Using a side-by-side comparison can also help teachers determine if work has been plagiarized. Occasionally, students may share answers, which can be seen by how they edit their work. This side-by-side comparison can help find the original creator of the response while also showing who copy-and-pasted the original document.
Comparing documents is best when a teacher needs to find duplicate text or view differences in multiple versions of a document for formatting and deletions.
How to compare two Microsoft Word Documents
Comparing documents is a great tool when teachers suspect plagiarism in submitted student assignments. By comparing documents, teachers can identify writing that is not the original work of the student who submitted it.
Regardless of your Microsoft Word application year, the ways of comparing two Word files are generally the same across each version:
- Open one of the documents and look in the toolbar ribbon.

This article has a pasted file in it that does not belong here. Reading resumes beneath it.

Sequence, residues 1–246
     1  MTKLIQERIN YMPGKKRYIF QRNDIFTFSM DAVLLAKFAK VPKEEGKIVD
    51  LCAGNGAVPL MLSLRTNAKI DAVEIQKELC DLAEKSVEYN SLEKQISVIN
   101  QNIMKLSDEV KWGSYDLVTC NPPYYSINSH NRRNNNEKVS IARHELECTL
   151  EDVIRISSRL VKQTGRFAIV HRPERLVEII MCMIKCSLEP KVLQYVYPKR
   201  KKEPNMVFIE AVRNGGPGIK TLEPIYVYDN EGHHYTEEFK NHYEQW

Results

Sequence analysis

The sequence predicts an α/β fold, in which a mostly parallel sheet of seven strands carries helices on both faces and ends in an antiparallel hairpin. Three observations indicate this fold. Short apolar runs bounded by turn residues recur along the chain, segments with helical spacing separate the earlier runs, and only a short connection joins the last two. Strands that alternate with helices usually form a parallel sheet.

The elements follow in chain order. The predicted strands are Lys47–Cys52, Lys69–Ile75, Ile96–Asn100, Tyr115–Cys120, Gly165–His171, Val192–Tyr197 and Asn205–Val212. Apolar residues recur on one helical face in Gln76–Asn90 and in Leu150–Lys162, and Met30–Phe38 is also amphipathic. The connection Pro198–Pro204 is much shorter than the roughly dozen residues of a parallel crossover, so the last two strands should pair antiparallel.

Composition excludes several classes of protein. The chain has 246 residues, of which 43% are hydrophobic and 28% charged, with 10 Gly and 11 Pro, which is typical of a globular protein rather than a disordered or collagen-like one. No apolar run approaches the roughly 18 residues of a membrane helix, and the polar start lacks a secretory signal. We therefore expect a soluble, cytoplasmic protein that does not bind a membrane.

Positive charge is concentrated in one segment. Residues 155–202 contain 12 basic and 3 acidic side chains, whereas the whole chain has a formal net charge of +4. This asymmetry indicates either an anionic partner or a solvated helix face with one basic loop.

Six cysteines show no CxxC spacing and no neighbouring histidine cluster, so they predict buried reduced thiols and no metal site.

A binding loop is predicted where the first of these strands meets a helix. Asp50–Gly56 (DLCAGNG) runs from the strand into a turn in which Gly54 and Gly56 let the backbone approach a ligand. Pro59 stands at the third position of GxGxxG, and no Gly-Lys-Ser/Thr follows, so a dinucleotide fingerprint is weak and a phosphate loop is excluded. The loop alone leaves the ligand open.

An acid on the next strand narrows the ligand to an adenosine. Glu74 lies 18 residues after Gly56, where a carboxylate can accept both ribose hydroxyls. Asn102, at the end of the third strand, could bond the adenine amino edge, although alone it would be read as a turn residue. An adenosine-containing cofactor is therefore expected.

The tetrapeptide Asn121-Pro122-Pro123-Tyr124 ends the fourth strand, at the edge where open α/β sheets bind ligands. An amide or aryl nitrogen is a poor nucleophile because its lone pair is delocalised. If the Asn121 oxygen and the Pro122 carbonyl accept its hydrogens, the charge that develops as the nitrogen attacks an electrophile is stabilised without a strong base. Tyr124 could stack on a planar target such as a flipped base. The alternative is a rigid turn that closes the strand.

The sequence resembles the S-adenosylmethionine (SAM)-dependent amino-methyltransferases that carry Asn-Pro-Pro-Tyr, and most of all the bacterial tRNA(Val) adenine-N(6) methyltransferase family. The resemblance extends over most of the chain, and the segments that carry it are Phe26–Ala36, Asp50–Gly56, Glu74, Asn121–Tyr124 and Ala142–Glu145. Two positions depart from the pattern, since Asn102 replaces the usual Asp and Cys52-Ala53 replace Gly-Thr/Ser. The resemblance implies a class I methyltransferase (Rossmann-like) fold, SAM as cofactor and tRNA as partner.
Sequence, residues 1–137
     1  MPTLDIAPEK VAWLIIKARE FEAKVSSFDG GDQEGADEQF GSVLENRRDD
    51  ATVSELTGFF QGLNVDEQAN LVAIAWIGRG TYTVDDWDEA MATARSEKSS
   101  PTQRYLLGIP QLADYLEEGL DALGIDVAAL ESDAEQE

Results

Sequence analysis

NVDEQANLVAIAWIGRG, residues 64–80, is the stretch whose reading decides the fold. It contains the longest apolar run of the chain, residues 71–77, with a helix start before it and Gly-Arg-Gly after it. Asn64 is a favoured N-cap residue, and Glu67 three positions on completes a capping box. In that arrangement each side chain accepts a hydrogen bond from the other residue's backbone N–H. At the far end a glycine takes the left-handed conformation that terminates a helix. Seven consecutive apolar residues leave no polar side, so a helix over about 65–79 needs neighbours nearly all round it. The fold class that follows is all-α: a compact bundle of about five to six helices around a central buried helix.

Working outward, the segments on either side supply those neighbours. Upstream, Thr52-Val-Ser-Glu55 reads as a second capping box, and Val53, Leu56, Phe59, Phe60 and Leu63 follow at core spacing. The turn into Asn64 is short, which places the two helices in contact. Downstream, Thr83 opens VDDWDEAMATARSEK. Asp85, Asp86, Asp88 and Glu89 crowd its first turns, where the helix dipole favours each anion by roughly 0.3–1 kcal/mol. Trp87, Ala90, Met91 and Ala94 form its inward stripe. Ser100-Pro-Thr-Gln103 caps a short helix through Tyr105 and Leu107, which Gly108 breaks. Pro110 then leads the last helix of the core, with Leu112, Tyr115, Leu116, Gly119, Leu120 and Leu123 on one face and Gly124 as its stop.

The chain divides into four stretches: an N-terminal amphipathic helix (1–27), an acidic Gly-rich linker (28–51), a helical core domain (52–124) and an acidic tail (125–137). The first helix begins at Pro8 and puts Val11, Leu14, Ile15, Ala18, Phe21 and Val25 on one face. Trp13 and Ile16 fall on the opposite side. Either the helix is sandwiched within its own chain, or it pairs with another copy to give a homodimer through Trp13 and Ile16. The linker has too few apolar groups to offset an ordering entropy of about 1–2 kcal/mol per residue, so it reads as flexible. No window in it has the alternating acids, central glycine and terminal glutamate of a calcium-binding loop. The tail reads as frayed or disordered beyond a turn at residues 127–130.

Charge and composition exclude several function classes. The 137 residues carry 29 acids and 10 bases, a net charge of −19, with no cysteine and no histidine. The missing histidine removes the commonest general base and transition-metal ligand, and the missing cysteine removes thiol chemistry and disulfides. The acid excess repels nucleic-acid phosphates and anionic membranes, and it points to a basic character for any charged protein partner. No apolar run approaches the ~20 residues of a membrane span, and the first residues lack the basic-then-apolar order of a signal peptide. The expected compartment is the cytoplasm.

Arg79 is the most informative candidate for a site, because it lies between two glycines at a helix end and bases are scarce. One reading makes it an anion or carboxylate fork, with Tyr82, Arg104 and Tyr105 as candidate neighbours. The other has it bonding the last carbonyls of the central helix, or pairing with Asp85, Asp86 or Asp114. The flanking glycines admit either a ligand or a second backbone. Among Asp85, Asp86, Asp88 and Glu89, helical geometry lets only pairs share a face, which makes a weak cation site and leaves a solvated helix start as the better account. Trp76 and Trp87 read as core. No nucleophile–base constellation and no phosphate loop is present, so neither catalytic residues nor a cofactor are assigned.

- Click on Track Changes and then click Compare Documents.
- You should then be able to pick the original document and the revised document.
- Once these are both selected, you’ll have a new document with all the changes on a revised copy.
When comparing two documents in Word 2010 and above, they should all come in a revised document with all the changes compared to the original .docx file. These can come in handy for teachers when looking for a complete revision history in case of similar answers to another student.
However, when using the Word 2007 compare document function, it’s important to note that Microsoft no longer fully supports this past version. There may be some differences compared to recent applications.